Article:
One of the most courageous things we can do in life is look within, discipline our mind, and strengthen our connection with the Lord so that we can serve others.
Living Courageously is a seven (7) week program designed to assist you in applying God's teachings to your everyday life. Living Courageously explores the Elijah story of the Old Testament, an ancient tale of heroism and adventure. Again and again, Elijah stands against evil when his downfall seems certain – and yet again and again, the Lord pulls him through and helps him re-establish the worship of Jehovah in Israel. Elijah’s story is our own. His strengths are ours, and so are his weaknesses. Each time the Lord gives Elijah a miracle, it tells of a miracle He performs in our lives, allowing us to turn from selfishness and find the courage to transform our spiritual lives and prepare for heaven.
You may use this program individually, or with your group or your friends, to discover new spiritual insights about your life which will help you feel closer to the Lord.
You can start your own exploration at any time with our free email program, with inspiration, explanation, reflections, and tasks.
This seven week program explores Biblical answers to a new topic each week:
- Week 1: Becoming aware: identify your motives
- Week 2: Serving God first: practice genuine kindness
- Week 3: Finding new truth: seek inspiration – pray
- Week 4: Making a choice: determine your higher purpose and live it with passion
- Week 5: Finding courage: listen for the still, small voice
- Week 6: Convicted by conscience: flex your spiritual muscle
- Week 7: Living courageously: go forward living courageously with strength and purpose
The New Church teaches that each story of the Bible contains an inner, symbolic meaning that mirrors our every struggle and every triumph. This is an opportunity to make positive change in your life. When you focus on your personal and spiritual growth, the impact is greater than your efforts because the Lord is working with you. You will see changes not only in yourself, but also in your relationships with friends, spouse, family, co-workers, etc.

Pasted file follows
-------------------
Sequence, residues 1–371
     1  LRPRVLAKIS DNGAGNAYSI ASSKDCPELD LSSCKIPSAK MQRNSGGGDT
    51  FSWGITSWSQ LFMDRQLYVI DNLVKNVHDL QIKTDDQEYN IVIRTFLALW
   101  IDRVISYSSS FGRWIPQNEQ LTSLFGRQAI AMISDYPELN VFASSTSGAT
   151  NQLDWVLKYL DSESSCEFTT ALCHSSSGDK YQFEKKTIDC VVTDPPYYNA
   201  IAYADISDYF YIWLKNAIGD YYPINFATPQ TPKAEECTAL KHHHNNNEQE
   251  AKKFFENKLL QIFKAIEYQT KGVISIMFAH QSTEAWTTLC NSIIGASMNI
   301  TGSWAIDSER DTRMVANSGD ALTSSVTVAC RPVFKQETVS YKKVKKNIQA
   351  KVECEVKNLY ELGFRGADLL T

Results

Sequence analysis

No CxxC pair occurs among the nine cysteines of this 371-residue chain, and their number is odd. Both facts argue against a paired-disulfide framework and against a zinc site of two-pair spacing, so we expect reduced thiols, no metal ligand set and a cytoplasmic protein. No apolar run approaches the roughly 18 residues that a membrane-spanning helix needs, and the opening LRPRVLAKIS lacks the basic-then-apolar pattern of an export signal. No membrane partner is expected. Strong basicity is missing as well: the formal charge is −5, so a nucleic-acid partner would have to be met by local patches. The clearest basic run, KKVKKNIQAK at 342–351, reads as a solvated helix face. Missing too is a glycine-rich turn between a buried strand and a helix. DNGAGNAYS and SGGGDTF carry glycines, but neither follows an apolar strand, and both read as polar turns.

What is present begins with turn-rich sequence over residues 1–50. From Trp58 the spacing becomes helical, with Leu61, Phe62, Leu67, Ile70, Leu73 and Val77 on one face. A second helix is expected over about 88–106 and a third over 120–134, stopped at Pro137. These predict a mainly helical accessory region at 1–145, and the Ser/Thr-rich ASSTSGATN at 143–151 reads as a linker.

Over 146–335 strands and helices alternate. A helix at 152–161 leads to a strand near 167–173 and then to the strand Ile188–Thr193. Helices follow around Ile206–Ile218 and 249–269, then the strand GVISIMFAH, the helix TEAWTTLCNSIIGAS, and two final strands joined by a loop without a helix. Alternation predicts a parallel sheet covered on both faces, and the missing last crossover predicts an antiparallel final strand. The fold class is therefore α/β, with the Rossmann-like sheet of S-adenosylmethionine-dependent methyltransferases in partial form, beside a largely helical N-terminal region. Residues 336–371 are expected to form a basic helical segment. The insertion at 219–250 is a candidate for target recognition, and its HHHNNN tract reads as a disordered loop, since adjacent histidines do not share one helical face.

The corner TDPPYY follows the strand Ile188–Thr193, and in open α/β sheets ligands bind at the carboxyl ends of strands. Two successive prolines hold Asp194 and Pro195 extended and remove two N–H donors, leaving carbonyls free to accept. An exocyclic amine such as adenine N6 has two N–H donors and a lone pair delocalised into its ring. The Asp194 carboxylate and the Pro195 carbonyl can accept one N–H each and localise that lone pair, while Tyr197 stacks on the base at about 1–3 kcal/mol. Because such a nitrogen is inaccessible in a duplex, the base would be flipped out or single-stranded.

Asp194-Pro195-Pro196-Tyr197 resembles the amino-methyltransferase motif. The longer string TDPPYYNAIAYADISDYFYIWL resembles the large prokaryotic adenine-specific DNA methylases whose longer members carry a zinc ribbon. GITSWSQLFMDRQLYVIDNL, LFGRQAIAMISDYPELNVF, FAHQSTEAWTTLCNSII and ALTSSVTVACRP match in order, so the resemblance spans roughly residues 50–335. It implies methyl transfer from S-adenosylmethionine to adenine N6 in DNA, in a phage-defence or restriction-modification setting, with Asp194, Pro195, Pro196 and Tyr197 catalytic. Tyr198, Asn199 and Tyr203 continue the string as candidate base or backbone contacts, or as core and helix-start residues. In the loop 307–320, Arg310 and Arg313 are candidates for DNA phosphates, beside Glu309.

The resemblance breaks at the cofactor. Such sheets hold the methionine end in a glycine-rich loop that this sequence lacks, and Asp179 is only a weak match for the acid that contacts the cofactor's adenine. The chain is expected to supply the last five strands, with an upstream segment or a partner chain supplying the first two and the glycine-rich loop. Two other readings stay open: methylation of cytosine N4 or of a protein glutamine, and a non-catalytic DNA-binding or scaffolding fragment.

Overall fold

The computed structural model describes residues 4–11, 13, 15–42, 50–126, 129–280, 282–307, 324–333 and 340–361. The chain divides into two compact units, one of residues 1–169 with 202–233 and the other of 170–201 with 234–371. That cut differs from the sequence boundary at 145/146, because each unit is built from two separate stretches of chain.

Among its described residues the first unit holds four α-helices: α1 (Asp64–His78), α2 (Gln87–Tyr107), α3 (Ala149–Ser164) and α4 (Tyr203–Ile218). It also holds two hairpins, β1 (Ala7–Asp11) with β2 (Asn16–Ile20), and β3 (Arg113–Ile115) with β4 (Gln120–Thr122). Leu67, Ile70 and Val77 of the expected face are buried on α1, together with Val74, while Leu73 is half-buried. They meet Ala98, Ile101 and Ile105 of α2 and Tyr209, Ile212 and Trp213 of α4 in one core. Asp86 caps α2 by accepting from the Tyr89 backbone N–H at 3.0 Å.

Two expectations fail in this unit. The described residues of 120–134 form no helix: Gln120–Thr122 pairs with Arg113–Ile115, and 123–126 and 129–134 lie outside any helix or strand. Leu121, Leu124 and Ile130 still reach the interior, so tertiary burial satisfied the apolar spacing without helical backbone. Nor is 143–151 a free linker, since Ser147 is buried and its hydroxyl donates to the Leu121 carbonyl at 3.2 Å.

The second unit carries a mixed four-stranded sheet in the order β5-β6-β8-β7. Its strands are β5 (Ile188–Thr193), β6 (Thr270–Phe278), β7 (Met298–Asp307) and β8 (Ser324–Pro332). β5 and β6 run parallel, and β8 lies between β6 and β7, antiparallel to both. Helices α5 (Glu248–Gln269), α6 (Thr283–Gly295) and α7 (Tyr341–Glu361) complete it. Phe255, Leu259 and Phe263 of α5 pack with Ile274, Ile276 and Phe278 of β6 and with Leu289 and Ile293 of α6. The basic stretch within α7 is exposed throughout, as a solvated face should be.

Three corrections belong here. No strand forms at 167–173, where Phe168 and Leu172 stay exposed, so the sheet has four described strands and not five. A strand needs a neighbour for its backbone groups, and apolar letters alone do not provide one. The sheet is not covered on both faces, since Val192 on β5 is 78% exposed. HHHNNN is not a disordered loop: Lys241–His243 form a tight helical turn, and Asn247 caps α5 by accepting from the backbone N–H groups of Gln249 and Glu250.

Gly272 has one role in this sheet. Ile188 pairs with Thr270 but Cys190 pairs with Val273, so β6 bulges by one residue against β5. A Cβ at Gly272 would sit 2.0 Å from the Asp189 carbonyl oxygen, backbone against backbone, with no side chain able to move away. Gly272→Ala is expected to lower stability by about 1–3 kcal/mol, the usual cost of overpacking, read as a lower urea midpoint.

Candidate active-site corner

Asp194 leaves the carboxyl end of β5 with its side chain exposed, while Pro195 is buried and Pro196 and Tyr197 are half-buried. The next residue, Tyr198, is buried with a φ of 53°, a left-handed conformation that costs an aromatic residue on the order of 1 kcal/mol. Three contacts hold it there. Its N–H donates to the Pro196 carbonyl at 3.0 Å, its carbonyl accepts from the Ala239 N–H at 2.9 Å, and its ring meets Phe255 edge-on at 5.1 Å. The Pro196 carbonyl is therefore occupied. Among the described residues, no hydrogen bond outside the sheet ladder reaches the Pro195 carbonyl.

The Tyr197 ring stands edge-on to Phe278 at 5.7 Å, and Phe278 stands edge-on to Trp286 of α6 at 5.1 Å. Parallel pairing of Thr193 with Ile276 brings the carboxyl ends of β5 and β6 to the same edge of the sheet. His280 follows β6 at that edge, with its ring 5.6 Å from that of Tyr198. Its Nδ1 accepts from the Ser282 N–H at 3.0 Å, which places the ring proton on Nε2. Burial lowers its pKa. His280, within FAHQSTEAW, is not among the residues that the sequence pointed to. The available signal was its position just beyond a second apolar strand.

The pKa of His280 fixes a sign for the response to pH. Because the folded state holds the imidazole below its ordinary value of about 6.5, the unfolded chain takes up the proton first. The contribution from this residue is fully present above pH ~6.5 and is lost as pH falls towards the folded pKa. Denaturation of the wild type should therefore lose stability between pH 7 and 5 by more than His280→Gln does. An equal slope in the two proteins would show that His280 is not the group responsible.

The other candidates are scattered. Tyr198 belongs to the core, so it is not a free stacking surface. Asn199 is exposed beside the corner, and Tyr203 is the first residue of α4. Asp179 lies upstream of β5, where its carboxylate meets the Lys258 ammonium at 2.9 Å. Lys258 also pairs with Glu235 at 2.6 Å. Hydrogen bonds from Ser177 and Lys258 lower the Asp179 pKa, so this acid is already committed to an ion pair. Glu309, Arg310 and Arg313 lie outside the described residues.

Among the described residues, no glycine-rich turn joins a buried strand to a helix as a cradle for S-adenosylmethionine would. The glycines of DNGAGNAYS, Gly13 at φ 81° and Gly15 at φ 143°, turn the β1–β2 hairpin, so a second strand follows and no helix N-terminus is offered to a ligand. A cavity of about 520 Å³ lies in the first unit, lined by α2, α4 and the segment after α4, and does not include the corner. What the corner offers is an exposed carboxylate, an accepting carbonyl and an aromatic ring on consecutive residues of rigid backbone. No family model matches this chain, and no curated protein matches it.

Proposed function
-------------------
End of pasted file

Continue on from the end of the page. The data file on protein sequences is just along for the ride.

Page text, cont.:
Three thousand years ago there were two nations that sprung from Israel, or Jacob - the kingdoms of Judah and Israel. The story of Elijah is set in Israel, the northern kingdom. It has the classic confrontation between the courageous prophet, Elijah, and Ahab and Jezebel, the wicked King and Queen who had introduced idolatry into the land and murdered all the prophets of Jehovah (the Old Testament name for God).
The worship of Jehovah was based on the Ten Commandments, and on rituals prescribed in the Old Testament. In spite of this, the kings and the people often turned to idolatry, as Ahab and Jezebel did.
Worshipping idols was more attractive for several reasons. First, the idols allowed excesses - adultery and debauchery often formed part of their rituals. Second, the priests would require such horrible things as infant sacrifices, which were supposed to hold magical promises of future benefits. Third, idol worship allowed the people, or the priests, to make up their own rules, which often favored the very evils the Ten Commandments forbade.
There were very good reasons, indeed, why the First of the Ten Commandments was “You shall not make for yourself a carved image—any likeness of anything that is in heaven above, or that is in the earth beneath, or that is in the water under the earth; you shall not bow down to them nor serve them” (Exodus 20:3-5). This story is told at a time when the kingdom of Israel, led by its rulers, had delved deeply into idolatry.
Elijah, the greatest prophet in Old Testament times, stood alone in Israel, fighting to return the people to the worship of the true God, Jehovah. He faced a wicked king and queen, and 850 prophets who served idols. Through the remarkable miracles the Lord performed for him, the people were returned to Jehovah.
This Biblical narrative contains a spiritual story, which tells of our own progress toward worshiping the Lord in our lives. Elijah’s eventful life is the story of our convictions. If we strive to make our faith work to change our lives, we will risk opposition from our more destructive feelings. If we persist, then Elijah’s miracles have a counterpart in our minds and hearts. This is how the Lord helps us to change our way of life and start on the path to heaven.